Lisa Palmer, Water Politics and Spiritual Ecology, Custom. Environmental Governance and Development. London and New York: Routledge, 2015, xxi + 214 pp. [Routledge Explorations in Environmental Studies]. ISBN 9780415753511. Price: GBP 90.00 (hardback).
Water Politics is a detailed account of the hydro-social ecology in Buncau and Viqueque, Timor Leste. Based on ten years of research the aim of the book is to understand how water is perceived, managed, and used. The study provides an ecological animic account of the local relationship to water. It does so by also focusing on local notions and uses of springs and water ways as well as how people account for these in myths, legends, and more recent historical memory. These relationships with and to water the author calls the ‘hydro-social cycle’. Springs are treated as historical subjects and the author shows how spring water continues to play a central role in contestations over power and place. The ethnography brings water into the centre of the study and stresses on the importance of well-springs to the community’s wellbeing. Springs provide people with an emplaced identity as it also forms an important part of a people’s relationship to non-human and non-physical and religious realities.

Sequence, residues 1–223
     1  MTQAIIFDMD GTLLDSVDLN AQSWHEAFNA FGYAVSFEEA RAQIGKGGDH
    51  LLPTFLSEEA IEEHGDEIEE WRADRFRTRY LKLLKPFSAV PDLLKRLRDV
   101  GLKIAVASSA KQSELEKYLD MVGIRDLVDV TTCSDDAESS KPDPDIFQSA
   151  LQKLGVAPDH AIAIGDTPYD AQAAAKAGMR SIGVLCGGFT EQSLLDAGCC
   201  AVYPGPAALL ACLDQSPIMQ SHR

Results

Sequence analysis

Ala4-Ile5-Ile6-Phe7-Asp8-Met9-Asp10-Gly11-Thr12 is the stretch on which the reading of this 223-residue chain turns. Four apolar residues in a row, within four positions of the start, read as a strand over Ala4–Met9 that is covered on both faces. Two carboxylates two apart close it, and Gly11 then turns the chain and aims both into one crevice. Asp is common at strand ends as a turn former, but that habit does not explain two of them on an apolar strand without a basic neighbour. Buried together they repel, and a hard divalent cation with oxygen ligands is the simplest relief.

In this account, water is one key way of relating to the environment and its unseen non-physical reality. Sacred springs are not just a source of power but portals to that reality. Another concept the author uses is ‘inclusive sociality’ referring to a mode of being that tries to incorporate exogenous forces through relationships. Again water (the hydro-social cycle) has its part to play in these relationships.
In Buncau, springs were believed to be under the custody of a range of animals, particularly snakes and eels. These animals were believed to have been able to metamorphose into human beings as they would travel on the land searching for new locations for well-springs, before reverting back to their original form. Humans are also said to have emerged out of springs and therefore water is seen as the substance that carries the essence of a shared origin and inclusive sociality of all beings. Another feature of the hydro-social cycle discussed relates to the management of water resources which also played and plays a crucial role in marriage exchange between fertility takers and receivers and older/younger sibling traditions. Marriage between two parties would have linked together their water sources. However, the colonial governments interfered with the house-complex relationship that was clustered around springs and many springs were left unattended and fell into disuse. Another interesting demonstration in the book is the role that the hydro-social cycle played as a resisting force and empowerment against outside threat. One nice account tells of the sudden gushing forth of springs celebrating the land’s liberation as Indonesia pulled out of East Timor.